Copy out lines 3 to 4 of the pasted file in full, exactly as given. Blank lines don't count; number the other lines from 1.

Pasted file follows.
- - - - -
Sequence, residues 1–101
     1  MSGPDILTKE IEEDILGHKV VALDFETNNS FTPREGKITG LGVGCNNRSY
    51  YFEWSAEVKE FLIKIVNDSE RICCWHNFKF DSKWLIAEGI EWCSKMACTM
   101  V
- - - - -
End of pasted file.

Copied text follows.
    51  YFEWSAEVKE FLIKIVNDSE RICCWHNFKF DSKWLIAEGI EWCSKMACTM
   101  V